Colorectal cancer (and other tumors) can spread (metastasize) from the place where it started (the primary tumor) in 3 ways. First, it can invade the normal tissue surrounding it. Second, cancer cells can enter the lymph system and travel through lymph vessels to distant parts of the body. Third, the cancer cells can get into the bloodstream and go to other places in the body. In these distant places, the colon/rectal cancer cells cause secondary tumors to grow. The main sites to which colorectal cancer spreads are the liver, lungs and peritoneum. To find out whether the cancer has entered the lymph system, a surgeon removes all or part of a node near the primary tumor and a pathologist examines it to see if cancer cells are present. Several kinds of imaging also can be performed to determine if the cancer has spread. These include chest x-rays, MRI, CT scans and PET scans.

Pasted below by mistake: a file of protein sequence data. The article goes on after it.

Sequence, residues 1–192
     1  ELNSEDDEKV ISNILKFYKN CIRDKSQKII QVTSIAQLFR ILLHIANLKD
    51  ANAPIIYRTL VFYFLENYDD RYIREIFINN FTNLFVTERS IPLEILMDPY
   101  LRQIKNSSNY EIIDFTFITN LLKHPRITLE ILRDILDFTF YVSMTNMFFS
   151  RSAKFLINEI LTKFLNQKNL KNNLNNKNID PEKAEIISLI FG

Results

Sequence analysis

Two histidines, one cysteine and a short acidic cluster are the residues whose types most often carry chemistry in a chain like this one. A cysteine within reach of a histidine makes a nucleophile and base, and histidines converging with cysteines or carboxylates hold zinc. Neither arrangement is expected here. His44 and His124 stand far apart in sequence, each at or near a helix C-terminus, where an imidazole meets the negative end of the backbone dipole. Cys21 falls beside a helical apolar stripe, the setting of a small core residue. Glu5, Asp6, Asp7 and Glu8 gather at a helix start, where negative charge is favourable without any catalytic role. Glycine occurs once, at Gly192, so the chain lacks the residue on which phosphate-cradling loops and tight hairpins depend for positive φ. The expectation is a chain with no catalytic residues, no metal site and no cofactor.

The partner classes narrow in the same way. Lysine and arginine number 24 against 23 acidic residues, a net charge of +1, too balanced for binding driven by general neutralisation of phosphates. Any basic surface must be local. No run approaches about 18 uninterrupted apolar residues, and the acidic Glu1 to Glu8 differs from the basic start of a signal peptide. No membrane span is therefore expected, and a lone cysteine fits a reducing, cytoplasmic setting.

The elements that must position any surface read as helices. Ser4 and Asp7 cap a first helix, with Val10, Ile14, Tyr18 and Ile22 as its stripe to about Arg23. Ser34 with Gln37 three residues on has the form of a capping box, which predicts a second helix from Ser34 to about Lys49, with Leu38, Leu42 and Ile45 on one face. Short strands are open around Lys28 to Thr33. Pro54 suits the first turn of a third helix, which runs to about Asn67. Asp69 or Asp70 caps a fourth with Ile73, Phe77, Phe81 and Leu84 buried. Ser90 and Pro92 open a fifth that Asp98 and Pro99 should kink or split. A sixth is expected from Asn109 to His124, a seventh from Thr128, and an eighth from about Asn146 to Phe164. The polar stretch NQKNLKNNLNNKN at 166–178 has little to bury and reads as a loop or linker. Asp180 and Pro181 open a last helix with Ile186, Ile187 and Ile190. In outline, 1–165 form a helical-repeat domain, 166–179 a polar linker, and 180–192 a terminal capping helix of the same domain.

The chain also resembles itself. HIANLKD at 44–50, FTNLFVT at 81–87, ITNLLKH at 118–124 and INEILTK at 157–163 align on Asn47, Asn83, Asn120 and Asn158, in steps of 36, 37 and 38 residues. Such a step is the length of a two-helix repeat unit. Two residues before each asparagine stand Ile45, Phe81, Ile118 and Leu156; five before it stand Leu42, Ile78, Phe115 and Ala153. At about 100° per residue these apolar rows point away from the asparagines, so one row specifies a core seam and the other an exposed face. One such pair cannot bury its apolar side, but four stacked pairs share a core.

The FDA has approved several targeted therapies for treatment of patients with metastatic colorectal cancer. These include bevacizumab (Avastin), cetuximab (Erbitux), panitumumab (Vectibix) and ziv-afibercept (Zaltrap).

Despite significant improvements in the treatment of colorectal cancers, novel therapies and treatment strategies are needed.

Source: National Cancer Institute, 2015